5 Questions: Brendan Carvalho on CPR for pregnant patients

Brenden Carvalho

When a pregnant woman's heart stops, two lives are threatened. But until now, cardiopulmonary resuscitation guidelines have not adequately emphasized key differences in the CPR technique for pregnant patients nor given operational strategies to improve survival of both the expectant mom and her fetus.

Stanford anesthesiologists Brendan Carvalho, MD, Steven Lipman, MD, and Sheila Cohen, MD, led a team of experts assembled by the Society for Obstetric Anesthesia and Perinatology that has produced new expert recommendations, published in the May issue of Anesthesia & Analgesia, describing how to treat cardiac arrest in pregnant women. Carvalho, who is chief of obstetric anesthesia at Lucile Packard Children's Hospital Stanford and associate professor of anesthesiology, perioperative and pain medicine, talked with science writer Erin Digitale about the new recommendations and why they're needed.

Q: Why was the consensus statement needed, given that cardiac arrest in pregnancy is now rare?

Carvalho: We've cut maternal mortality significantly over the past century, but maternal death can still happen to any pregnant woman. All caregivers who treat pregnant women need to know how to handle cardiac arrest.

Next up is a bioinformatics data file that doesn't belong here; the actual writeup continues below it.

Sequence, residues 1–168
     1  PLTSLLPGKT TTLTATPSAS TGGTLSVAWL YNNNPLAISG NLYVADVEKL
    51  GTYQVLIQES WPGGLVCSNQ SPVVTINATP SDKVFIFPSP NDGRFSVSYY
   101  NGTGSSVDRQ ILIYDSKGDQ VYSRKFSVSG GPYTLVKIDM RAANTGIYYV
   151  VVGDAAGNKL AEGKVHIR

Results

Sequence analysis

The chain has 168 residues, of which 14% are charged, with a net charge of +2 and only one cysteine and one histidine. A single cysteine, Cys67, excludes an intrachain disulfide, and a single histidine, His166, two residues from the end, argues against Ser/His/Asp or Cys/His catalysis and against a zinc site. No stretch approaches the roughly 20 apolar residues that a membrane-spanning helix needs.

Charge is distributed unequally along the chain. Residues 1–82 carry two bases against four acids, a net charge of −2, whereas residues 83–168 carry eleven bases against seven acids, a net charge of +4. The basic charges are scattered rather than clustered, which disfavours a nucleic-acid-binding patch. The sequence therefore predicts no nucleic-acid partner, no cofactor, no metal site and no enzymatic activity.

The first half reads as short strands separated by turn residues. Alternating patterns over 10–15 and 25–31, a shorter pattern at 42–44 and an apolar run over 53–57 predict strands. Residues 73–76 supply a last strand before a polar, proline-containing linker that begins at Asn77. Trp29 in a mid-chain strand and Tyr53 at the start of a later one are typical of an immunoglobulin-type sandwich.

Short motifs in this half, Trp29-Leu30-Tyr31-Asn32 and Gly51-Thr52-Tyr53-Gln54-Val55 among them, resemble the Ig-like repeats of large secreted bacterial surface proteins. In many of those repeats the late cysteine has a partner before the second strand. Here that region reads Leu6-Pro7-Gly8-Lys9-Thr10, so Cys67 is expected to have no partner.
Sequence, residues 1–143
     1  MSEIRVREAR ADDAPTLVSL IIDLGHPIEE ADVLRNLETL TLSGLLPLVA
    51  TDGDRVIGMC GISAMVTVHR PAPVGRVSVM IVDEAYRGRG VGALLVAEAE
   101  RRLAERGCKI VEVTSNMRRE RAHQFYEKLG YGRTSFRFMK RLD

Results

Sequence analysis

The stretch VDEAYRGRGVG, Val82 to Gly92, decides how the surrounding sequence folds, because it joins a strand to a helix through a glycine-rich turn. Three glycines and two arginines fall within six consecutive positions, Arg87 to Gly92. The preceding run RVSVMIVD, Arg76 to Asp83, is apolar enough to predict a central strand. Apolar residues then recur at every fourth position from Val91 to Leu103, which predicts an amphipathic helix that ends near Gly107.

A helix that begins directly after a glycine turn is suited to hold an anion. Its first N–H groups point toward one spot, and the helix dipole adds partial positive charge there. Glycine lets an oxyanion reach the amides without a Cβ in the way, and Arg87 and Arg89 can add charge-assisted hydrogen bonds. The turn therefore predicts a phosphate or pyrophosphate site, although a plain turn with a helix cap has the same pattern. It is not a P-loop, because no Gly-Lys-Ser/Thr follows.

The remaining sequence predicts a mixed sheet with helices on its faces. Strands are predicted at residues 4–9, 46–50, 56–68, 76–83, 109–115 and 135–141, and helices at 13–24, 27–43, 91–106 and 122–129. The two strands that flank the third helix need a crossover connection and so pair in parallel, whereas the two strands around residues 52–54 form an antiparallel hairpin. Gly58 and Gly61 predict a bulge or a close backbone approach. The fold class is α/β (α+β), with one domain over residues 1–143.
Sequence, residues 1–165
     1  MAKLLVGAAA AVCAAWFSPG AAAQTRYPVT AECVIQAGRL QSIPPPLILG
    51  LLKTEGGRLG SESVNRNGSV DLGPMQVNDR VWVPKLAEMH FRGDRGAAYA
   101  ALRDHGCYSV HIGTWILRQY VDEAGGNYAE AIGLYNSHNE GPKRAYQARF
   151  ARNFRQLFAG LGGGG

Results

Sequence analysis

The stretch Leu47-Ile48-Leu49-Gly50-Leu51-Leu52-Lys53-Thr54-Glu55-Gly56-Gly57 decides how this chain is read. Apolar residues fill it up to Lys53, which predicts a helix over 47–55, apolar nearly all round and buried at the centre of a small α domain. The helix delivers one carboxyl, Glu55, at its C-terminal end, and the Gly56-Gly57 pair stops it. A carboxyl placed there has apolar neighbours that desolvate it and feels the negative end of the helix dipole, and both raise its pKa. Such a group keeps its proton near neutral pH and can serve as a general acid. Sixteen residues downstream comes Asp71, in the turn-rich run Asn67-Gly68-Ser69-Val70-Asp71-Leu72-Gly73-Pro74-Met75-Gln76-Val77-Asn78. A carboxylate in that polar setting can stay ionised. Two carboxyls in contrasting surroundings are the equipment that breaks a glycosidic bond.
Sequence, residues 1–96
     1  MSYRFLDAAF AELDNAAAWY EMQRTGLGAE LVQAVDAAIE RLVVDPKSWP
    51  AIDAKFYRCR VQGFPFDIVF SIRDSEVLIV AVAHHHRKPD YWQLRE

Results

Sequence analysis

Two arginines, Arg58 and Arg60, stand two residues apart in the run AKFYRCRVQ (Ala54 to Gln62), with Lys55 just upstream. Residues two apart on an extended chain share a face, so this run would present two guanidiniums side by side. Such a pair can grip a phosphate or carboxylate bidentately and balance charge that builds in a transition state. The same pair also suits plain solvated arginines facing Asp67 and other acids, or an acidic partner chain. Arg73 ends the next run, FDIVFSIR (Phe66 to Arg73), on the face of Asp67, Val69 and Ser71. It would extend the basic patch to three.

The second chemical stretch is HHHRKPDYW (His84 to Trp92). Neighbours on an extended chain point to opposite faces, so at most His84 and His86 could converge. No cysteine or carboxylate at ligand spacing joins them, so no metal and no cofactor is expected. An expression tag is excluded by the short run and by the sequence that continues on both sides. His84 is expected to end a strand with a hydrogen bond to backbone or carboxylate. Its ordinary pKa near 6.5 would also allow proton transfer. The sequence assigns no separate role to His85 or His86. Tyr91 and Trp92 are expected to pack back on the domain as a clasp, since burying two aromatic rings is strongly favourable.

The American Heart Association publishes guidelines and runs courses on CPR, but special populations such as pregnant women are not adequately highlighted. The Society for Obstetric Anesthesia and Perinatology recognized this problem and commissioned a consensus statement by a team of experts. Stanford faculty led this effort and contributed a number of members to the expert team, including Kay Daniels, Julie Arafeh and Maurice Druzin. We came up with expert recommendations that clearly identify pregnancy CPR as a neglected aspect of resuscitation care. With better management of cardiac arrest in pregnancy, we can improve outcomes.

Q: Which women are at risk for cardiac arrest in pregnancy and why?

Carvalho: Cardiac arrest affects less than one in 20,000 pregnant women, occurring most frequently during labor and delivery. Women with high-risk pregnancies are at increased risk, such as those with cardiac disease. We're seeing this situation more frequently as sicker and older women are having babies. But some causes of cardiac arrest, such as hemorrhage, can affect any healthy pregnant woman. Amniotic fluid or pulmonary embolus, in which amniotic material or blood clots enter the bloodstream and triggers a cardiac collapse, can also affect any pregnant woman.